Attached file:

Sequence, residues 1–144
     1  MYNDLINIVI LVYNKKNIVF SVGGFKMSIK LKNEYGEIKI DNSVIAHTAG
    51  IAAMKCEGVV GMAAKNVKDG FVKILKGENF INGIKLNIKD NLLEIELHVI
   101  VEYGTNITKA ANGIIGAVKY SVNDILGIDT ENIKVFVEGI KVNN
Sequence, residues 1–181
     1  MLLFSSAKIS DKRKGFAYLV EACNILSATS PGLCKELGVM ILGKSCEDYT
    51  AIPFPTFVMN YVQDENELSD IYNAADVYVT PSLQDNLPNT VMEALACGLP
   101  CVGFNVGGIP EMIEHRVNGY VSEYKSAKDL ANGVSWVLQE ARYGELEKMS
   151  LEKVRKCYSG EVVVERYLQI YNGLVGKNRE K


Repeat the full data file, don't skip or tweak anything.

Sequence, residues 1–144
     1  MYNDLINIVI LVYNKKNIVF SVGGFKMSIK LKNEYGEIKI DNSVIAHTAG
    51  IAAMKCEGVV GMAAKNVKDG FVKILKGENF INGIKLNIKD NLLEIELHVI
   101  VEYGTNITKA ANGIIGAVKY SVNDILGIDT ENIKVFVEGI KVNN
Sequence, residues 1–181
     1  MLLFSSAKIS DKRKGFAYLV EACNILSATS PGLCKELGVM ILGKSCEDYT
    51  AIPFPTFVMN YVQDENELSD IYNAADVYVT PSLQDNLPNT VMEALACGLP
   101  CVGFNVGGIP EMIEHRVNGY VSEYKSAKDL ANGVSWVLQE ARYGELEKMS
   151  LEKVRKCYSG EVVVERYLQI YNGLVGKNRE K